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Objective-C - Building a Custom Integration

Note: This guide is currently under development. Reach out to [email protected] if you have any questions or see any issues.

Getting Started

Mux has a pre-built integration with Apple's AVPlayer for iOS and tvOS applications; for these players, see here: Integration Guide: iOS.

If the player that you use does not expose the AVPlayer instance directly, swaps between multiple instances during playback, or uses some other playback mechanism completely, a custom integration may be needed.

Important Related Docs

Before proceeding, read the following overview: Building a custom integration.

In addition, the source code for Mux's integration with Apple's AVPlayer is open source and can be found in the Mux-Stats-AVPlayer Github repository. This project is a good example of how to use the Objective-C core library in building a player integration.

Including the Library

Including via Cocoapods

To include the core Objective-C library via Cocoapods, modify your Podfile to use frameworks by including use_frameworks! and then add the following pod to your Podfile:

  • pod "Mux-Stats-Core", "~> 2.0"

This will include our current release of the core Objective-C library. There will be no breaking updates within major versions of this library, so you can safely run pod update.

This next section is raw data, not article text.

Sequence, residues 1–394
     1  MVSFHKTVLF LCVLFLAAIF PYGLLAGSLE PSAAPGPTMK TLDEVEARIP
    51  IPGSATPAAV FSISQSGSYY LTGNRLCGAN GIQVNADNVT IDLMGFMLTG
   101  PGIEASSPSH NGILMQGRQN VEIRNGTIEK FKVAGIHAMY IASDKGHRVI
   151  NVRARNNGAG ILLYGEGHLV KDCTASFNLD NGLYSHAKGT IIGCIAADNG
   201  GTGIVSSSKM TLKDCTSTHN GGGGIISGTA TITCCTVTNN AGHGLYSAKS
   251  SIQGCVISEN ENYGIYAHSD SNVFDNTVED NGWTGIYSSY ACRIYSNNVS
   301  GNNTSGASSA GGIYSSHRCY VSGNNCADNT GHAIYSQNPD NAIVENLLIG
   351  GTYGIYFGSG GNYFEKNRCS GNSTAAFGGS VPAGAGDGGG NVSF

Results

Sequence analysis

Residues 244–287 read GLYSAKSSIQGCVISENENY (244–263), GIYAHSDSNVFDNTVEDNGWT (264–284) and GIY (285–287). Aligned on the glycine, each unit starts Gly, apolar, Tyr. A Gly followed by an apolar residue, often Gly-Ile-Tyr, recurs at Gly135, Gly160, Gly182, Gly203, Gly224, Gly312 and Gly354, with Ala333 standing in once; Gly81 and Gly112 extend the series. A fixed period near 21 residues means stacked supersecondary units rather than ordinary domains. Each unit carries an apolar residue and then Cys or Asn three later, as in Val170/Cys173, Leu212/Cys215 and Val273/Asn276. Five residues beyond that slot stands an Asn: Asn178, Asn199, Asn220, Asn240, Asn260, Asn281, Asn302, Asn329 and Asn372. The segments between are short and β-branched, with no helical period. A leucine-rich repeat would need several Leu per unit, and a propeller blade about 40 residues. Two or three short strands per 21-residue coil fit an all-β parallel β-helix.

Including Manually (not preferred)

If you do not you use Cocoapods and wish to include the library manually, include the correct Mux Objective-C Core SDK for your project by cloning our repository and dragging the frameworks into your Xcode project. The Frameworks folder contains two folders, one for iOS and one for tvOS. Inside these folders, there are 3 additional folders containing different architecture combinations. The fat folder contains a library with all architectures in one.

You can use the fat library when developing but this library cannot be used when compiling for submission to the App Store as it contains the simulator architectures that are not used by any Apple devices (the community believes this is a bug). You can use the framework in the release folder when building a release version of your application, or you can run a script to strip unneeded architectures.

$ git clone

Initialize the SDK

There is no need to initialize a player monitor for each player that is being tracked, as this happens automatically when events are emitted for a specific player. Instead, for the Objective-C library, Environment and Viewer-specific data should be emitted to the SDK globally as follows.

MUXSDKEnvironmentData *environmentData = [[MUXSDKEnvironmentData alloc] init];